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Maryland can’t subsidize new power plants, appeals court rules

Maryland can’t put into effect a program to subsidize new power plants in the state, a U.S. appeals court ruled, saying the proposal would circumvent the Federal Energy Regulatory Commission’s exclusive authority over interstate energy rates.

In a unanimous decision, the U.S. Court of Appeals in Richmond upheld a lower-court ruling that barred the state’s proposal. Industry critics argued that the plan was unconstitutional and preempted by federal law.

“A wealth of case law confirms FERC’s exclusive power to regulate wholesale sales of energy in interstate commerce, including the justness and reasonableness of the rates charged,” the appeals panel ruled. “Maryland has sought to achieve through the backdoor of its own regulatory process what it could not achieve through the front door of FERC proceedings.”

Maryland is among states grappling with FERC over the limits of state and federal authority to oversee power generation and wholesale market prices. A similar case is before the U.S. Court of Appeals in Philadelphia over subsidized power generation in New Jersey.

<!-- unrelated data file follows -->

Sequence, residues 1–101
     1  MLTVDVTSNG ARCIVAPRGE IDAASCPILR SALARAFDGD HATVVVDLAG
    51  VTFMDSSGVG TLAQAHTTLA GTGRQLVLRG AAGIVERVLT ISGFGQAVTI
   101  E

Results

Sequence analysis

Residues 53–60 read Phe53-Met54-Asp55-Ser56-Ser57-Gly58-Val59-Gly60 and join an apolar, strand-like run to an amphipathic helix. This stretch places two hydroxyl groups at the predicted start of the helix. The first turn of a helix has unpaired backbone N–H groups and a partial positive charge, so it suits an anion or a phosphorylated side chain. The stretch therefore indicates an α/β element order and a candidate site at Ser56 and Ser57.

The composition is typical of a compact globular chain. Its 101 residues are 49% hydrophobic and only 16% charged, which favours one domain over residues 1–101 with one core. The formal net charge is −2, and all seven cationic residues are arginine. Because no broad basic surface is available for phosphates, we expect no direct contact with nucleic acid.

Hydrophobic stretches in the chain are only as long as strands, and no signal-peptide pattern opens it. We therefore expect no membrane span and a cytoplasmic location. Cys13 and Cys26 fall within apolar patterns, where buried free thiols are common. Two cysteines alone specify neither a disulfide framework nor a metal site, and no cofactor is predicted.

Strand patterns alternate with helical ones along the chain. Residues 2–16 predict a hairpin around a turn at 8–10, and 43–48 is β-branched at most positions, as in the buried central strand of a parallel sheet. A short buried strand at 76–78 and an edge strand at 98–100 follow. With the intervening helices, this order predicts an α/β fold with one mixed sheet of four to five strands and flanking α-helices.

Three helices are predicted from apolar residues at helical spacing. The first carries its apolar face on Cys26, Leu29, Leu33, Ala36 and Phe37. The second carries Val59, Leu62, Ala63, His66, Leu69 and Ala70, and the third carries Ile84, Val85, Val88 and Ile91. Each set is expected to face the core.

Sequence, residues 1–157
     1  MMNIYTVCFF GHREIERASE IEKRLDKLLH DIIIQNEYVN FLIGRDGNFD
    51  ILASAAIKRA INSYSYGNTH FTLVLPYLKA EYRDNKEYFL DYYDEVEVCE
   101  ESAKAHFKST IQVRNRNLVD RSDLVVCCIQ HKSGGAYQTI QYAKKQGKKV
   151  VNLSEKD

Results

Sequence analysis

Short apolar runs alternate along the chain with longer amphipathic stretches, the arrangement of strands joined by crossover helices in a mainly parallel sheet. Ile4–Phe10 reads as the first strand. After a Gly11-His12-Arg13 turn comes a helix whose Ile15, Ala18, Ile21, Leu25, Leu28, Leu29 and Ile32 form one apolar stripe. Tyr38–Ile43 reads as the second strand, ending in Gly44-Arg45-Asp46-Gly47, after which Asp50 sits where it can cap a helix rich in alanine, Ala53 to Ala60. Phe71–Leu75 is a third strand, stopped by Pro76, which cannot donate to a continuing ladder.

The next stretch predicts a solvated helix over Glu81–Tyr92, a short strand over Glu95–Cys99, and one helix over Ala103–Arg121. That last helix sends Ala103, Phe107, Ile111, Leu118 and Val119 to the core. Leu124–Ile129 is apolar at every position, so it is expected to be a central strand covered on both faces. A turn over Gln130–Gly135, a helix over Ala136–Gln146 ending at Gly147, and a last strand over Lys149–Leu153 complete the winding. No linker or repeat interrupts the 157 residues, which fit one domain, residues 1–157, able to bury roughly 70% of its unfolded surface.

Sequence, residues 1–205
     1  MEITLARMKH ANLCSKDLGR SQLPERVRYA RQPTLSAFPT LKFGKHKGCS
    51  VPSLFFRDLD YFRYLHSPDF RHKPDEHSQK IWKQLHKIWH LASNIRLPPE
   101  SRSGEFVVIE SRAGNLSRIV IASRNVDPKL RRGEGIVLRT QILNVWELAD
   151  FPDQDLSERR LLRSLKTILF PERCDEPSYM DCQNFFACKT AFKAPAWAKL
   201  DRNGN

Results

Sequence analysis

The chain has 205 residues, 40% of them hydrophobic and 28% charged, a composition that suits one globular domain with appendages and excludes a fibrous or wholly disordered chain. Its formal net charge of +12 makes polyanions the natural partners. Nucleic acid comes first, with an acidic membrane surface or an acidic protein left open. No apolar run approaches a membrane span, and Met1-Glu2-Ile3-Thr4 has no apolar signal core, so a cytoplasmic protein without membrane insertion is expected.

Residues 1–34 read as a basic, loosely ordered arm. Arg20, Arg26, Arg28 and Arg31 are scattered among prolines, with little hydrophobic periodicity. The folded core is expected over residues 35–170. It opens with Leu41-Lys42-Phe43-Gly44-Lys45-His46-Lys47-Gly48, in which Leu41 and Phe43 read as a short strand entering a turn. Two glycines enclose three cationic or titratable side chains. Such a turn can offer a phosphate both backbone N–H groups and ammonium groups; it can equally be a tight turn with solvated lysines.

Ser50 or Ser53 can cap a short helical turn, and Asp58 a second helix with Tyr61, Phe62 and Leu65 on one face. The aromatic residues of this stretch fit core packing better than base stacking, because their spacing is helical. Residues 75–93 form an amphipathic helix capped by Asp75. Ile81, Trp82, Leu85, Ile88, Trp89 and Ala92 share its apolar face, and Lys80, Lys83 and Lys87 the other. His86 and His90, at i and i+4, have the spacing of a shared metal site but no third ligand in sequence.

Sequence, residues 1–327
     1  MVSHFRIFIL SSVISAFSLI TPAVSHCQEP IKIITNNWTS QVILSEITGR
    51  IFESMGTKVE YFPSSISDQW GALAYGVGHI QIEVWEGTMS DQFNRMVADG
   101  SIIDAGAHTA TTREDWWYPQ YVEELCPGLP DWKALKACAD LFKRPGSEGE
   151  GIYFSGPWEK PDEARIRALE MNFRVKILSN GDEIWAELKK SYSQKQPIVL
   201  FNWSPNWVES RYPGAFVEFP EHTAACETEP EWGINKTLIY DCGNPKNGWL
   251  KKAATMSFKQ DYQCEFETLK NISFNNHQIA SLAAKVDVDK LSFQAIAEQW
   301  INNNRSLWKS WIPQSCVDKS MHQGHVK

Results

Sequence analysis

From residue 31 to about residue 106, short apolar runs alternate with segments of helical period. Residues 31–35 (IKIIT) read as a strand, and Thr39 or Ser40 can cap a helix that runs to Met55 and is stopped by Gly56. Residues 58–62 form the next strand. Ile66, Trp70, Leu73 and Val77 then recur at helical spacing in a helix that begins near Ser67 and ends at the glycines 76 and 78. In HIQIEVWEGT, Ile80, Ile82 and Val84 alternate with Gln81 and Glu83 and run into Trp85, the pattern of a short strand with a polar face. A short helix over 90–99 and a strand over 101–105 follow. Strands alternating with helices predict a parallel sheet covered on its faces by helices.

Maryland’s plan, formalized by the Maryland Public Service Commission in 2012, offered a 20-year revenue stream to bidders for the construction of a power plant in an area comprising part of the state and all of the District of Columbia.

The order granted new generators the potential to offer power at lower prices than existing competitors, with subsidies making up the difference. Payments from local electric distribution companies would make up the subsidies, according to the appeals court ruling.

Existing power providers in the state argued the plan would result in suppression of wholesale prices and a reduction in their revenue from the market. The appeals court agreed.

Maryland’s plan “compromises the integrity of the federal scheme and intrudes on FERC’s jurisdiction,” the court said.

It rejected Maryland’s argument that the generation order fell under state jurisdiction since it was designed to ensure that the state had adequate generation capacity.

While states retain substantial latitude in directly regulating generation facilities, they may not exercise that authority in a way that impinges on FERC’s power to set wholesale rates, the court said.

The case is PPL EnergyPlus LLC v. Nazarian, 13-2419, U.S. Court of Appeals for the Fourth Circuit (Richmond).

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